Texas Historical Commission
Perennial Environmental Services, LLC (Perennial), on behalf of Upstream Exploration, LLC (Upstream) conducted an intensive cultural resources survey of the BP – Fletcher No. 1 well pads and pipeline Project (Project) located east of Lumberton, Texas on the recently acquired Hancock Tract within the Village Creek State Park. The Project will include vegetation clearing, equipment staging as well as construction and installation of an approximately 4.4-acre pad site, 1.5-acre pad site, and a 3.8-kilometer- (km-) (2.4-mile- [mi-]) long 10.2-centimeter- (cm-) 4.0-inch- [in.-]) diameter pipeline. The pipeline portion of the Project will run adjacent to an unnamed road that bisects the Hancock property from west to east approximately 2.7 km (1.7 mi) to the east of Alma Drive. The two pad sites are located at either terminus of the pipeline and average approximately 1.5 acres and 4.4 acres in size. The 3.8-km- (2.4-mi-) long pipeline will be installed within an approximately 6.9-meter-(m-) (20.0-foot- [ft.-]) wide permanent corridor with temporary workspace extending up to a 15.2-m- (50-ft.-) wide corridor in some areas (14.2 acres). In all, the Area of Potential Effect (APE) for the Project totals 20.5 acres, with depths of impacts ranging from 1.2 to1.8 m (4.0 to 6.0 ft.). Abby Peyton served as Principal Investigator for the Project, Jennifer Cochran served as Project Archeologist, and Chris Shelton, Amy Goldstein, and Kirsten Atwood conducted the fieldwork on January 27-29, 2016.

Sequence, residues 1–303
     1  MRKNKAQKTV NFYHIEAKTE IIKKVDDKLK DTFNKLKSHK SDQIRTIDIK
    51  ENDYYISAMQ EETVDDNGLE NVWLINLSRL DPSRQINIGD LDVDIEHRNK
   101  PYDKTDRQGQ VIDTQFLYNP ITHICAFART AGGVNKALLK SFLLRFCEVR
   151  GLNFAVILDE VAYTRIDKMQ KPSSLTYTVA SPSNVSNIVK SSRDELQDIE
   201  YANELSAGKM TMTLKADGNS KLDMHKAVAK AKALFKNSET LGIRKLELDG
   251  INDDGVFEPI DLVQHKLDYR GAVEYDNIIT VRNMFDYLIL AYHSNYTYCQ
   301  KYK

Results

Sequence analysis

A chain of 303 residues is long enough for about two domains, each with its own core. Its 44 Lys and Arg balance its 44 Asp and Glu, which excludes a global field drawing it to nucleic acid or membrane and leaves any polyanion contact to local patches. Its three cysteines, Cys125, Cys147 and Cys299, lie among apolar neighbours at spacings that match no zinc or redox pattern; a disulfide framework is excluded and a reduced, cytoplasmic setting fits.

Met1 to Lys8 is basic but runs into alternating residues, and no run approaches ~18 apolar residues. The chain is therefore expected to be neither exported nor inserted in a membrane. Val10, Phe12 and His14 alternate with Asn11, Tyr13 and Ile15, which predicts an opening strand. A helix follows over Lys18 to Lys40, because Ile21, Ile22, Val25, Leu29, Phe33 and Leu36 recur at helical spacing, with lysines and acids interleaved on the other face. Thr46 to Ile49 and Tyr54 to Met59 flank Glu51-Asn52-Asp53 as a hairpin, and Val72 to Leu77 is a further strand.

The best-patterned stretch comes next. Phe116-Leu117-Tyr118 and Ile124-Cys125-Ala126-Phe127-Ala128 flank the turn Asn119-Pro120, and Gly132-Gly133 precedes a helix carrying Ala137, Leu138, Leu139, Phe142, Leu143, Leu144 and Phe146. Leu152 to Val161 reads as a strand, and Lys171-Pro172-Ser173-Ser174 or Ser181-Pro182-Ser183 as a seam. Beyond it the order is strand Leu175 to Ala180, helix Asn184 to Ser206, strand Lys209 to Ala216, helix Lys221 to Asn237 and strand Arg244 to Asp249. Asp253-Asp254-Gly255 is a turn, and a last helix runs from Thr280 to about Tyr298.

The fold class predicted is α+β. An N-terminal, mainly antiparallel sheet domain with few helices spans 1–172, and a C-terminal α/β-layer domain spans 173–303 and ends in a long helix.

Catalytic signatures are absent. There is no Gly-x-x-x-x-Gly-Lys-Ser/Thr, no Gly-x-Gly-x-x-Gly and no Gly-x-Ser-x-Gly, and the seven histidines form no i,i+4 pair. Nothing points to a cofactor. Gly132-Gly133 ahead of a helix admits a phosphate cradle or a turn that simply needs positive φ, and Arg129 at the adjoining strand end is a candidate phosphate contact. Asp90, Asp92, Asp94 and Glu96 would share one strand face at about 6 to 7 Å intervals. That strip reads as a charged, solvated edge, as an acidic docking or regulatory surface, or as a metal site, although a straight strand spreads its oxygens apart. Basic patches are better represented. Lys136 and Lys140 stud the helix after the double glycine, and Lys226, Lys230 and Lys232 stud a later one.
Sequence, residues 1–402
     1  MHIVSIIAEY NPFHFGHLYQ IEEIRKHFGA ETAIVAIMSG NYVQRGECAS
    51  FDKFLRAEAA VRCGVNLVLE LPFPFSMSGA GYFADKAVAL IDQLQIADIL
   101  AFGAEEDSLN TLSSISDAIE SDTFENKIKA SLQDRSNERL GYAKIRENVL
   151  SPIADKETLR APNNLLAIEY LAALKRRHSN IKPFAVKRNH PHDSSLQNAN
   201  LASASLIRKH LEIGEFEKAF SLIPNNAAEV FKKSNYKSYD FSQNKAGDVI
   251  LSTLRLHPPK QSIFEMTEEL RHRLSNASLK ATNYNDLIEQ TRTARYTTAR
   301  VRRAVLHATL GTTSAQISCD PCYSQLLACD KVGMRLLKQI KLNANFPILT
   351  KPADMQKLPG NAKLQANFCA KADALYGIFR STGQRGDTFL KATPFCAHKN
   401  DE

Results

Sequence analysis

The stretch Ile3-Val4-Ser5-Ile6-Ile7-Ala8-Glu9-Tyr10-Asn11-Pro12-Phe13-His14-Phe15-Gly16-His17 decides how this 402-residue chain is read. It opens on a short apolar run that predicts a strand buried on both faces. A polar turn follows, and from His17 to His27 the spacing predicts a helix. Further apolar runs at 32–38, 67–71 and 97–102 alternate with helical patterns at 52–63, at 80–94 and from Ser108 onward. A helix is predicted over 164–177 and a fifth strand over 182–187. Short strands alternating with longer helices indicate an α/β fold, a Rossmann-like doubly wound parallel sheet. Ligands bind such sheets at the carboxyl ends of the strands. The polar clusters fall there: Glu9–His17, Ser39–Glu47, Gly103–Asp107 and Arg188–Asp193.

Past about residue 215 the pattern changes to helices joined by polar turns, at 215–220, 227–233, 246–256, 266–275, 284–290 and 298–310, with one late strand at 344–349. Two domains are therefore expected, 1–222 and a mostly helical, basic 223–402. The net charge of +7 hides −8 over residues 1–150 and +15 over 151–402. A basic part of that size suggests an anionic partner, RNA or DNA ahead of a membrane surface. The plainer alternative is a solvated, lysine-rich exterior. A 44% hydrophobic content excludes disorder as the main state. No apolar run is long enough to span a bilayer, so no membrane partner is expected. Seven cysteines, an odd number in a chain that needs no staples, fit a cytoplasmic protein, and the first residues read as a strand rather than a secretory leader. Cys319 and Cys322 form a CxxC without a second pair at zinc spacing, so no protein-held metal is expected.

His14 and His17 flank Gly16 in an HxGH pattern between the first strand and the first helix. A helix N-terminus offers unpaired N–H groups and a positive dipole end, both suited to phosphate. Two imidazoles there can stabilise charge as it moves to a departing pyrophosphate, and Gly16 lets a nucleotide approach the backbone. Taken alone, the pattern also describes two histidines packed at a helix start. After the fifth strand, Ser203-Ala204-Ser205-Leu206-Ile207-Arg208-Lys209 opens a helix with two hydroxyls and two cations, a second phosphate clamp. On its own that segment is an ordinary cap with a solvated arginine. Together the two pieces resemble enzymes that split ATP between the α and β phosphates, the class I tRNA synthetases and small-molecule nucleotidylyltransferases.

The Project is located on property owned by the Texas Parks and Wildlife Department (TPWD), a political subdivision of the State of Texas. As such, the property falls under the jurisdiction of the Antiquities Code of Texas (ACT). A cultural resources assessment was necessary within the Project in order to satisfy requirements of the ACT. The purpose of the survey was to identify any prehistoric and historic-age archaeological sites located within the APE and evaluate their significance and eligibility for designation as a State Antiquities Landmark (SAL). The cultural resources investigations were conducted under Texas Antiquities Committee (TAC) Permit No. 7499.
In all, a total of 144 shovel tests and 7 bucket auger tests were excavated across the Project. Shovel tests revealed diverse soil textures, such as silty clay loam, sandy loam, loamy sand, and sandy clay. Auger testing was terminated upon reaching compact clay or the presence of the water table at 110.0-175.0 cm (43.0-69.0 in.) below ground surface. No evidence of any cultural resources was observed along the modern ground surface or within any of the shovel tests or bucket augers excavated within the Project.
Previously recorded site 41HN59, a historic-age site consisting of a historic-age trash scatter, was observed approximately 6.1 m (20.0 ft.) west of the proposed pipeline right-of-way (ROW). The ground surface was thoroughly inspected and shovel tests were excavated at 30.0-m (98.4-ft.) intervals along the Project area near site 41HN59. No evidence of site 41HN59 was observed along the modern ground surface within any of the shovel tests excavated in this area.
Based on the results of the survey effort, no intact, significant cultural resources will be affected by any construction activities within the Project area. In accordance with the ACT, Perennial recommends no further cultural resources investigations within the 20.5-acre Project area.
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